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  • Author or Editor: Chiao-Po Lin x
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This study was initiated to solve the problem of wall effect and dissolved oxygen (DO) encountered during establishing a scale-up process of lettuce suspension culture in a fermentor. The wall effect could result in as high as 10% loss of inoculum within 24 hrs. The main reason causing wall effect was identified as foam formed from the interaction of air bubble and inoculum. Bubble isolation by a screen column could successfully solve the wall effect. The effect of dissolved oxygen was then investigated. The plantlet regeneration was increased as dissolved oxygen increased from 20% to 80%. The relationship among agitation and aeration rate as well as oxygen concentration in the air was discussed.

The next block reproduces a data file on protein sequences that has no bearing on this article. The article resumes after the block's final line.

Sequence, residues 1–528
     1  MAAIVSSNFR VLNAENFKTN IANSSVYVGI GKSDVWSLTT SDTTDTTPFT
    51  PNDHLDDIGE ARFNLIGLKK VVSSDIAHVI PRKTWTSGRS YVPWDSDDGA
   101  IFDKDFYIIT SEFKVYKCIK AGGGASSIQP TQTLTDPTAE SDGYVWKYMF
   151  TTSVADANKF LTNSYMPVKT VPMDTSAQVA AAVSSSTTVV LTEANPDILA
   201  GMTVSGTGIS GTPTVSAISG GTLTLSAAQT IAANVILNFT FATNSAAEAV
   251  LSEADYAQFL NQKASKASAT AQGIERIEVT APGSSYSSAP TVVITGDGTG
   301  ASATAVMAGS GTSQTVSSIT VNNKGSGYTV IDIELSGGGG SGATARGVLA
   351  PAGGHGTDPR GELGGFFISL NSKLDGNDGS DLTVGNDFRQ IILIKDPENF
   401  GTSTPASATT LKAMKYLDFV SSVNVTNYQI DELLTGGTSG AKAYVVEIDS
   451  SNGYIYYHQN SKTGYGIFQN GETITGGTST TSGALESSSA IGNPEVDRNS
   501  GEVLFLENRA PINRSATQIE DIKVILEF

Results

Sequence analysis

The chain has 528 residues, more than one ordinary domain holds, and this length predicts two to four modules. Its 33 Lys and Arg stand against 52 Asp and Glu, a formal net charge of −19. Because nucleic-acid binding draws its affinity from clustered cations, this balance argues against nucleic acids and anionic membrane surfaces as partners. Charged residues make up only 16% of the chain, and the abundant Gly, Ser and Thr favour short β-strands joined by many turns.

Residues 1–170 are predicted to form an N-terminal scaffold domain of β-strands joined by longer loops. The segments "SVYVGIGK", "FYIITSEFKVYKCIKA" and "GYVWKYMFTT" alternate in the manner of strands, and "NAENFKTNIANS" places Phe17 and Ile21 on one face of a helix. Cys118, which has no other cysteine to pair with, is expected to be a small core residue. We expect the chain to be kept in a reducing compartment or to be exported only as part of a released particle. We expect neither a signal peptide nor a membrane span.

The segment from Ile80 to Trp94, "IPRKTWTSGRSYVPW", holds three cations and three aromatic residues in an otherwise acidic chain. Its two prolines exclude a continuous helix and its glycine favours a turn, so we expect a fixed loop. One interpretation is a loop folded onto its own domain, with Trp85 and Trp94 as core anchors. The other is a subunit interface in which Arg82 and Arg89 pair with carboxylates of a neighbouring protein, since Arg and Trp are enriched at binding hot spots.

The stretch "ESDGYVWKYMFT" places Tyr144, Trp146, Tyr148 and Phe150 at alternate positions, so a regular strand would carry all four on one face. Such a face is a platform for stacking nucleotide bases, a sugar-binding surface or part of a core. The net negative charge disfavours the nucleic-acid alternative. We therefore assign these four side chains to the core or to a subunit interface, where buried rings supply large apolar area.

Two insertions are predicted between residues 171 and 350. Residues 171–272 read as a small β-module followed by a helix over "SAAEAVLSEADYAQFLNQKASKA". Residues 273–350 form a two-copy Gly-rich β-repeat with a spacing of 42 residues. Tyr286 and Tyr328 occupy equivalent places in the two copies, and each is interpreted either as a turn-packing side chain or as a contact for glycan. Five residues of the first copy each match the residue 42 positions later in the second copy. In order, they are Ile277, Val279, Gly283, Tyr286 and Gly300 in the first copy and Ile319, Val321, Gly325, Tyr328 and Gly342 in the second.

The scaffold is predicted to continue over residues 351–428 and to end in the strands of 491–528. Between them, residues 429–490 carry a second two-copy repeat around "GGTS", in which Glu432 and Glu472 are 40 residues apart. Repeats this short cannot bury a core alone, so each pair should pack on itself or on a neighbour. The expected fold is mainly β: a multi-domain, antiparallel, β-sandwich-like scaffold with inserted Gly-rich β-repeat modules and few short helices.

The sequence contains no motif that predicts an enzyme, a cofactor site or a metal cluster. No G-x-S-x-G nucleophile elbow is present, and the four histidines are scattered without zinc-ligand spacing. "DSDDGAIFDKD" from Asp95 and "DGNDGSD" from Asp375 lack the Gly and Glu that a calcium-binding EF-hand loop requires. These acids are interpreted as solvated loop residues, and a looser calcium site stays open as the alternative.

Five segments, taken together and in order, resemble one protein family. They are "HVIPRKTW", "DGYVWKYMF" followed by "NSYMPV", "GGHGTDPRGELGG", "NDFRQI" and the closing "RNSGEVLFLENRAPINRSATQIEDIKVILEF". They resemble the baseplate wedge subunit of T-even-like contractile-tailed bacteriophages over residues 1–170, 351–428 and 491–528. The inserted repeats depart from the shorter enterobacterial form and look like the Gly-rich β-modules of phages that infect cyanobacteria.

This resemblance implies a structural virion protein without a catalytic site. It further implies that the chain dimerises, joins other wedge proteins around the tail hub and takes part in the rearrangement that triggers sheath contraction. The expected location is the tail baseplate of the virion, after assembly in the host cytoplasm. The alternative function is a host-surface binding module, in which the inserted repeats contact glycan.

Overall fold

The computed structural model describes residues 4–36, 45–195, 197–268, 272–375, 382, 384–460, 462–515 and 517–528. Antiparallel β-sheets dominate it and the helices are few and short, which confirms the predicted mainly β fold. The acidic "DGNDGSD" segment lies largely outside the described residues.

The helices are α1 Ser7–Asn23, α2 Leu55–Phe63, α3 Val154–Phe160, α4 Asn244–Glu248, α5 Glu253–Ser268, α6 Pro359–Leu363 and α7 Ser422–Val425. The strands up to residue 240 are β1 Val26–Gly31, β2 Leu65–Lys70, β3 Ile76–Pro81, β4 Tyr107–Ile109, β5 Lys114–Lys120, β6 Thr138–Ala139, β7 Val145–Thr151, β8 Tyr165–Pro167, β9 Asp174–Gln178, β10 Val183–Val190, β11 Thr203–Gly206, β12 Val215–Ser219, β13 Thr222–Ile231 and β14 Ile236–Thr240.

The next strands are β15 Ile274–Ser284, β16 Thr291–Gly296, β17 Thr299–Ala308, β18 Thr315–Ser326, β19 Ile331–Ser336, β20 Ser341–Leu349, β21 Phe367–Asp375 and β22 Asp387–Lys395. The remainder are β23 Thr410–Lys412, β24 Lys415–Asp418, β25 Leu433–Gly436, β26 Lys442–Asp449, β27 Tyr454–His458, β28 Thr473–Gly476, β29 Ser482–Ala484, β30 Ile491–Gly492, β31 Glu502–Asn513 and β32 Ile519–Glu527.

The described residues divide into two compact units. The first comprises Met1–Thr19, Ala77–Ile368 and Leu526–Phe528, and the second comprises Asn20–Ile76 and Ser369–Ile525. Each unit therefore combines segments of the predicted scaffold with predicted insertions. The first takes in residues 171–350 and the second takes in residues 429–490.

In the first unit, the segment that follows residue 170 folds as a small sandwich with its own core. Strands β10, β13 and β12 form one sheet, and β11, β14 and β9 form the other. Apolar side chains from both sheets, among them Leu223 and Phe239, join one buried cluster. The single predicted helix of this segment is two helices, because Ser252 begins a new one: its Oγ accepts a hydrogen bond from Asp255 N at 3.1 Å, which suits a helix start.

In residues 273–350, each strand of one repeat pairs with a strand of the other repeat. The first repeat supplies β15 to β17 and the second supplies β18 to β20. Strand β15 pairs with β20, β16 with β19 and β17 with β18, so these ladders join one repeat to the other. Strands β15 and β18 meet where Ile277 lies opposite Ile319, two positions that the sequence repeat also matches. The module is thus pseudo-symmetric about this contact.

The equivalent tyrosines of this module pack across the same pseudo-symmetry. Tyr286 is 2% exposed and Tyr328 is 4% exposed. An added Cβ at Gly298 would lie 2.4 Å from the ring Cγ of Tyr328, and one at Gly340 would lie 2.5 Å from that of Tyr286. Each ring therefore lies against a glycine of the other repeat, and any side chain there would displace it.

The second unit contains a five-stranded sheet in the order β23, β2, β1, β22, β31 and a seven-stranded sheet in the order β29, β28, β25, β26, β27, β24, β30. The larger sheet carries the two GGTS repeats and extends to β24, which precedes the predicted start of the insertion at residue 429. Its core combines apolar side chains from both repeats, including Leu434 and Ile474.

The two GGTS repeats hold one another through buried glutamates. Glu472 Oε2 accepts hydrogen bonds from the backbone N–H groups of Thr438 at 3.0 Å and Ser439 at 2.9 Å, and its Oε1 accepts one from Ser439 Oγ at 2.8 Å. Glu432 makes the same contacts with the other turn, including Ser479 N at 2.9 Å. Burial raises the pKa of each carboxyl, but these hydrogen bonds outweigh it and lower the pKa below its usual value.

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A scale-up process of lettuce (Lactuca sativa L.) suspension culture in a 2-liter bioreactor was investigated. Factors that influenced cell growth and differentiation, including foaming, the wall effect (inoculum adhering onto the vessel wall above the medium level), aeration, and dissolved oxygen (DO), were tested. The wall effect resulted in severe inoculum loss (10%) in 24 hours. Inoculum loss significantly decreased shoot regeneration. The wall effect was caused by two factors: 1) foaming caused by the interaction between air bubbles and inoculum, and 2) the bubbles produced by aeration. Foaming could be prevented by sieving the inoculum through a 400-pm screen filter and then rinsing the inoculum thoroughly with distilled water to remove single cells, cell debris, and the contents of broken cells. The wall effect caused by air bubbles could be prevented by putting a 150-μm screen column in the center of the bioreactor to isolate the aeration area from the inoculum. After the wall effect was removed, shoot regeneration in the bioreactor increased significantly to a level similar to that in 125-ml flasks at an aeration rate of 1 to 2 vvm (liters air/liters medium per rein). DO for this shoot regeneration level was ≈ 70% to 80%of saturation at the end of bioreactor culture.

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